Ann Cleeves: The Heron’s Cry

This novel will be published on September 7.

The second in Ann Cleeves’ Detective Mathew Venn series finds Matthew investigating a case on the grounds of an artist’s colony and farm.  The book opens with a party attended by a very drunk Detective Jen Rafferty, who meets the victim at the party, but didn’t talk to him for long because of her condition – something she comes to regret.

The dead man, Nigel Yeo, was a doctor who worked with people who had complaints about National Health.  He is discovered with a huge shard of glass in his neck, glass created by his glassblower daughter, Eve.  This incredibly fabulist method of death is carried forward. Ann Cleeves, the most careful and meticulous of writers, nevertheless includes this almost gothic flight of fancy as a murder method.  It suits her updated golden age style of storytelling. read more

SJ Bennett: The Windsor Knot

This book is adorable in the best possible way.  I usually hate it when real people are used as the detective, and in the case of this novel “the detective” is one of the most famous people on the planet, Queen Elizabeth II.  But SJ Bennett has real affection and reverence – in the nicest way – for her majesty and the actual detecting is mostly done by the Queen’s Assistant Private Secretary, Rozie Oshodi, a British Nigerian who shares the Queen’s affection for horses and would do anything for the “boss.” read more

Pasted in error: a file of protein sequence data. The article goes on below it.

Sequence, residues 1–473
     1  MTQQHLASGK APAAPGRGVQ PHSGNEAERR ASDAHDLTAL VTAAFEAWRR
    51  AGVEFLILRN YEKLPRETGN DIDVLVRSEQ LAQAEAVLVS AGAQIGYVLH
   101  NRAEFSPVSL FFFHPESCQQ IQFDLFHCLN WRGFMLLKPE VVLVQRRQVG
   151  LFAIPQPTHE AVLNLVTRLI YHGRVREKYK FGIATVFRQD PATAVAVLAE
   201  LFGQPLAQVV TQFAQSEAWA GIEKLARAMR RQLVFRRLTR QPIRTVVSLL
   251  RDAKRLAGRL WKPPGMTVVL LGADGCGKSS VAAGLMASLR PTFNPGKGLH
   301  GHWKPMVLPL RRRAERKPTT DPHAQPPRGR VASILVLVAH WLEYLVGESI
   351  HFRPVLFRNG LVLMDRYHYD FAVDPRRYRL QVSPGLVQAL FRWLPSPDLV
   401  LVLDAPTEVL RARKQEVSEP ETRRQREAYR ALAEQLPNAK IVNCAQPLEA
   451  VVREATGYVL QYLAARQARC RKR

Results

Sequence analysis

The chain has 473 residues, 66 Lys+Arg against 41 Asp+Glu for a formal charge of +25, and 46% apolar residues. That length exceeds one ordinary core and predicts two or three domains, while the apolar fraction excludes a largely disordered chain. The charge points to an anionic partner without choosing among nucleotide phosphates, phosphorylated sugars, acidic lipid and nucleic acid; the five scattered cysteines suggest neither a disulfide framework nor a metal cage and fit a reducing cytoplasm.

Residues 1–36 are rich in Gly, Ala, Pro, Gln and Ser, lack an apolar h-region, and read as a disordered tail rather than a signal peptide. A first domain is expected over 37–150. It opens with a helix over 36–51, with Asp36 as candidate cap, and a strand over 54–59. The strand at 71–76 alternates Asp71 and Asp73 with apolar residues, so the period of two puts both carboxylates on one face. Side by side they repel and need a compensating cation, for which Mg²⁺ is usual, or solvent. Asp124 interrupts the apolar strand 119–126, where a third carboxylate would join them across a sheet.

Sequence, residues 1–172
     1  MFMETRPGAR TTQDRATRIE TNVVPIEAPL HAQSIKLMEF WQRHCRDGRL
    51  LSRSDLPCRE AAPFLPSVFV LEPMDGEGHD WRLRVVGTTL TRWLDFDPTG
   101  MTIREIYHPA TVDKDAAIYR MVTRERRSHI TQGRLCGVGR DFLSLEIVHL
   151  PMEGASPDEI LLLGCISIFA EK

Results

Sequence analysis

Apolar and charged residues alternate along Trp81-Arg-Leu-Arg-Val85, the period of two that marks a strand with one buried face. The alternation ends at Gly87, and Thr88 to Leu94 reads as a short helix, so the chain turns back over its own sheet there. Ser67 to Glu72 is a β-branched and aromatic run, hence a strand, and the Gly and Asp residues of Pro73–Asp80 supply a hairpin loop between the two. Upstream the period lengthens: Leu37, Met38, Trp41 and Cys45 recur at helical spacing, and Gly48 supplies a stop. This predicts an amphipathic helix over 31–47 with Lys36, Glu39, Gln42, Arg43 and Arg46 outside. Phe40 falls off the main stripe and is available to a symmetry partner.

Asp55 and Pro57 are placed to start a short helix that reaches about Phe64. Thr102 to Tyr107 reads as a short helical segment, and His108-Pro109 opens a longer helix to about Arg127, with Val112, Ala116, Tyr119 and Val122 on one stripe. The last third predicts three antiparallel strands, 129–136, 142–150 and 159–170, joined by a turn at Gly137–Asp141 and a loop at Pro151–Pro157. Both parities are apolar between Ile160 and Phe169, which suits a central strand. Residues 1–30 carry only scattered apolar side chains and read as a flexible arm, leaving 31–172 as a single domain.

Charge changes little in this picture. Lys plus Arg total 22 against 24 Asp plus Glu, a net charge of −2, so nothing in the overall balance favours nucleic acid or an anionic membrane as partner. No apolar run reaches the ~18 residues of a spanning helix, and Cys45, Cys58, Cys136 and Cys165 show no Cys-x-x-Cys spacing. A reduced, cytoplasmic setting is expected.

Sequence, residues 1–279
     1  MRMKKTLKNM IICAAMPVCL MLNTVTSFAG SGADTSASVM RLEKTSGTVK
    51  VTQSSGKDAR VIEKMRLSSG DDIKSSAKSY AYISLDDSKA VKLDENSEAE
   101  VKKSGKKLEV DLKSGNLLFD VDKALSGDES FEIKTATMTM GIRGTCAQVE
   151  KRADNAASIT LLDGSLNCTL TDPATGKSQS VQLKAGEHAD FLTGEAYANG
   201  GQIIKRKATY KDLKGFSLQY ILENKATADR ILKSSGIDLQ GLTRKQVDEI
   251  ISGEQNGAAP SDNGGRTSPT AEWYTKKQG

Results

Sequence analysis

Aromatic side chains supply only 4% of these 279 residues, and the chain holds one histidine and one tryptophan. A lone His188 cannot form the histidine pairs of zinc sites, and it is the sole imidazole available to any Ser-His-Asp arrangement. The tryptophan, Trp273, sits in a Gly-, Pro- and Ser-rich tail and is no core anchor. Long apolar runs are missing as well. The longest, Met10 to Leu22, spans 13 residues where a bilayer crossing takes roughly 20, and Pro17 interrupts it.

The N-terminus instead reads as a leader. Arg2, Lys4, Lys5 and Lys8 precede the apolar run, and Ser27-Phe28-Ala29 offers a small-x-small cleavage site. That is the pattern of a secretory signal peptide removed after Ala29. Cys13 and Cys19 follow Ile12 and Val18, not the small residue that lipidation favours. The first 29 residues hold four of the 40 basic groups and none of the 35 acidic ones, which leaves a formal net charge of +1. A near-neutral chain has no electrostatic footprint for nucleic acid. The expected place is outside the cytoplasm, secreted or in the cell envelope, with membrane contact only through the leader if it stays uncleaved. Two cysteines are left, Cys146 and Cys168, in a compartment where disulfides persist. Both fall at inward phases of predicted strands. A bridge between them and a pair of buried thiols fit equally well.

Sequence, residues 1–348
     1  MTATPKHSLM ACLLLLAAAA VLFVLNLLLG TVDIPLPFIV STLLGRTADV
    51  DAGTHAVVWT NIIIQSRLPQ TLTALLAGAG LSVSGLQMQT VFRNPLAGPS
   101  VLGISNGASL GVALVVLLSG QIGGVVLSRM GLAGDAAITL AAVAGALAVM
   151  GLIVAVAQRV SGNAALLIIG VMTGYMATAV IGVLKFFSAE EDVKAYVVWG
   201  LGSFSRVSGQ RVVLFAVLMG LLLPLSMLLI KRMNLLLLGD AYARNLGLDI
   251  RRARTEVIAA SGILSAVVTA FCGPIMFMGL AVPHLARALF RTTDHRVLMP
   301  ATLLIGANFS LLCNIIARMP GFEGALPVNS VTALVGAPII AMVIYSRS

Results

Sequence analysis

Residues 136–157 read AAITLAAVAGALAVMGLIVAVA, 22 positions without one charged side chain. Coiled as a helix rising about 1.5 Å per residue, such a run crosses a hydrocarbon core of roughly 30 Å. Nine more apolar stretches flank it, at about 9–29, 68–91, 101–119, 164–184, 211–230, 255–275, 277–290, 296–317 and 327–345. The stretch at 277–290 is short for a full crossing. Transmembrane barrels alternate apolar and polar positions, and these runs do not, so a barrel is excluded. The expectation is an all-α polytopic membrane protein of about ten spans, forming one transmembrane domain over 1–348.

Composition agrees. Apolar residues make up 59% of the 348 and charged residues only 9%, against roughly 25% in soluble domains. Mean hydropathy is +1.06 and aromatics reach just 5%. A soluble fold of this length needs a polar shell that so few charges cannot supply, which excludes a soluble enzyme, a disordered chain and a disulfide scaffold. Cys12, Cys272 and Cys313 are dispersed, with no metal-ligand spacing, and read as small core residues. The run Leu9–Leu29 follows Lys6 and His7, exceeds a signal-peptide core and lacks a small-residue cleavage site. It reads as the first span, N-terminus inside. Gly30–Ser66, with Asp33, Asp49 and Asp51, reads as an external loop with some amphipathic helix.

Anthony Horowitz: Moonflower Murders

This book will be published on November 10, 2020.

This is every bit as delicious a reading experience as Magpie Murders (2018).  I really wasn’t sure how Horowitz was going to manage a second book, as several of the main characters in the first one are dead or heading that way at the end of the novel.  But Anthony Horowitz is one of the smartest writers working right now, and this sequel to his (in my opinion) classic Magpie Murders is every bit as good as the first one.

The main character is editor Susan Ryeland, who has given up her successful career to head to Crete and help her partner run a small hotel there.  It’s not going well.  The hotel is having trouble and it’s a mountain of work, so when Pauline and Lawrence Treherne appear asking for Susan’s help in locating their missing daughter back in England, she readily agrees, especially when they sweeten the pot by offering her £10,000.  She’s tired of Crete, she needs the money, and she takes the offer. read more